The above records also indicate that Hannah survived John by more than 20 years and that she did not apply for a widow’s, perhaps because she would have been rejected for the same reason that John was rejected.  Consultation of the pension files at the National Archives would/could produce the reason for the pension rejection as well as other valuable documents that will help to determine more about this John M. Brubaker and whether he had any connection to the Lykens valley area.  It does appear though at this time, that there is no evidence that he has any connection to the Lykens Valley area.

JOHN M. BRUBAKER (1842-1917)

 

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Next, we will examine the records of the other John M. Brubaker with Pennsylvania Civil War service.  First, a check of the available records at the Pennsylvania Archives – and the aforementioned Veterans’ File Card appears (shown below) which indicates service in the 9th Pennsylvania Cavalry, Company E.  Going to the Find-a-Grave site, the Halifax Methodist Cemetery record appears with the notation that this John M. Brubaker served in the 9th Pennsyvlania Cavalry, Company E.  However, no grave marker picture is provided.  This could be because there is no grave marker.  The birth and death years are given as 1841 and 1924. There are also two other persons named John Brubaker buried in this cemetery, one with dates 1831-1831 (clearly not a Civil War veteran) and the other with dates 1822-1885, the latter being possible as Civil War veteran, but with no indication of that status in the Find-a-Grave record.

A check of the Pension Index Cards produces a card for Company E of the 9th Pennsylvania Cavalry.  There is a pension application and a certificate of award.  However, there is no spouse noted on the card.

While the conclusion could be drawn from the above evidence that the John M. Brubaker who appears in the Halifax list is this second one that has now been identified as serving in the 9th Pennsylvania Cavalry, it is always best to trace down other records to determine if there are any unresolved conflicts – and to find out more about this John M. Brubaker who is eligible to be included in this Civil War Research Project.

Ancestry.com records produce information that in 1850, John M. Brubaker was living in Halifax, Dauphin County, with his parents, the father Joseph Brubaker, a tobacconist, and his mother’s name was Martha.  A Barbara Brubaker, age 80, was living in the household – probably a grandmother.  In 1860, John was still living at home in Halifax and his father Joseph was still a tobacconist.

In 1861, John was working as a school teacher when he enlisted in the 9th Pennsylvania Cavalry at Halifax, Dauphin County (information from the Veterans’ File Card). John served from 17 October 1861 through 24 December 1864, when he was discharged.  At the time he would have been given the choice to re-enroll for another three-year term (or duration of the war).  Many of his fellow soldiers chose to re-enroll, but apparently John chose to return home to the Halifax area.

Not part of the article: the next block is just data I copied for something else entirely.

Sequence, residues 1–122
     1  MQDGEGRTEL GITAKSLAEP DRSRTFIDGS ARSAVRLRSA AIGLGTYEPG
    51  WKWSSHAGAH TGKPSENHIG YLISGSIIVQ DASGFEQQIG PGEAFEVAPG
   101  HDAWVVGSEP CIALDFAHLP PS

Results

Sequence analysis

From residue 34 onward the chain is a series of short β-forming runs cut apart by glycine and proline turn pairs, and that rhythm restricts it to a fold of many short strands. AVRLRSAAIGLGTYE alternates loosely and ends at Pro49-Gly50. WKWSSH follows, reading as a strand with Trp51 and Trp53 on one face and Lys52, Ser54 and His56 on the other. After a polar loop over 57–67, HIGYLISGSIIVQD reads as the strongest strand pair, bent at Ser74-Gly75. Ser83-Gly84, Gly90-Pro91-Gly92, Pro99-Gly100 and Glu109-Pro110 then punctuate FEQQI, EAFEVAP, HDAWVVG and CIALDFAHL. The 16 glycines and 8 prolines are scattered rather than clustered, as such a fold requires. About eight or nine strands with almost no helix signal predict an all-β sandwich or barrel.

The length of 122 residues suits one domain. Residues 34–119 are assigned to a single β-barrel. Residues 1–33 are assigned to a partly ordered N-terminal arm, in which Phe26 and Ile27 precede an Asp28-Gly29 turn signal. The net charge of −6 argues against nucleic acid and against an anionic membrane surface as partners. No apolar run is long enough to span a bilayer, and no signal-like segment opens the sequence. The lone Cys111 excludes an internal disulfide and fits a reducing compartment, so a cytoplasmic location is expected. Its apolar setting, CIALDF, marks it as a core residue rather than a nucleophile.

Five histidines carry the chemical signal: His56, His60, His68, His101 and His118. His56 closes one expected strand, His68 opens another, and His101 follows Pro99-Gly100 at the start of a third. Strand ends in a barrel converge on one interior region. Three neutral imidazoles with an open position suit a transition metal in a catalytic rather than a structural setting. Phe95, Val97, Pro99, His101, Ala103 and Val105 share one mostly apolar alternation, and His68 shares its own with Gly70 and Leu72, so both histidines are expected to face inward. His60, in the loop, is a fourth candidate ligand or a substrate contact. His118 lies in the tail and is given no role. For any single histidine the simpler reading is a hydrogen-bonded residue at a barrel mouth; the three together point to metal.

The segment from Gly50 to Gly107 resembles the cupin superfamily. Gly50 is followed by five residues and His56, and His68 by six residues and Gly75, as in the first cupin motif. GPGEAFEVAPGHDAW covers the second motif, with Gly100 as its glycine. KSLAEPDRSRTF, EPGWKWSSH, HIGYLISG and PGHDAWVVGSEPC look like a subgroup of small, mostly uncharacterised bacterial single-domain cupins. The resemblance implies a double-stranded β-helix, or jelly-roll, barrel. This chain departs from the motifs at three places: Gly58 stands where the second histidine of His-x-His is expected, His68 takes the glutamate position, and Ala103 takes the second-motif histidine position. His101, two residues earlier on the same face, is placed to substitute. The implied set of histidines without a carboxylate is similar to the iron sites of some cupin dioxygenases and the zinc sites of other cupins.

In 1870, he appears in Halifax as a school teacher – living with his parents – his father Joseph Brubaker, now a Justice of the Peace.  His brothers, Joseph and James, were also living at home and working as tobacconists.  In 1880, John M. Brubaker, still unmarried, is a cigar manufacturer in Halifax.  In 1890, he appears in the Stark County, Ohio, veterans’ enumeration and in 1910, still in Canton, Stark County, Ohio, he is working as a tinner in a tin shop – with service in the Union army noted – and, still unmarried.  In 1920, he appears back in the Lykens Valley area living with a sister in Millersburg, Dauphin County, Lillian K. Straw, a widow, who was working as a fitter in a shoe factory.  This later migration to Ohio and then the return to the Lykens Valley area needs further corroborative evidence that it is the same person – but there is a good likelihood that it is.  One initially confusing aspect of the research might be the fact that there is no John M. Brubaker named on the Millersburg Civil War Monument; however, it must be noted that the Millersburg Civil War Monument was erected prior to John’s return to the area and his name would not have been included because prior to his moving in with his sister, he had no other known connection to Millersburg.

Some of the documents for this John M. Brubaker are shown below.

JOHN M. BRUBAKER (1841-1924)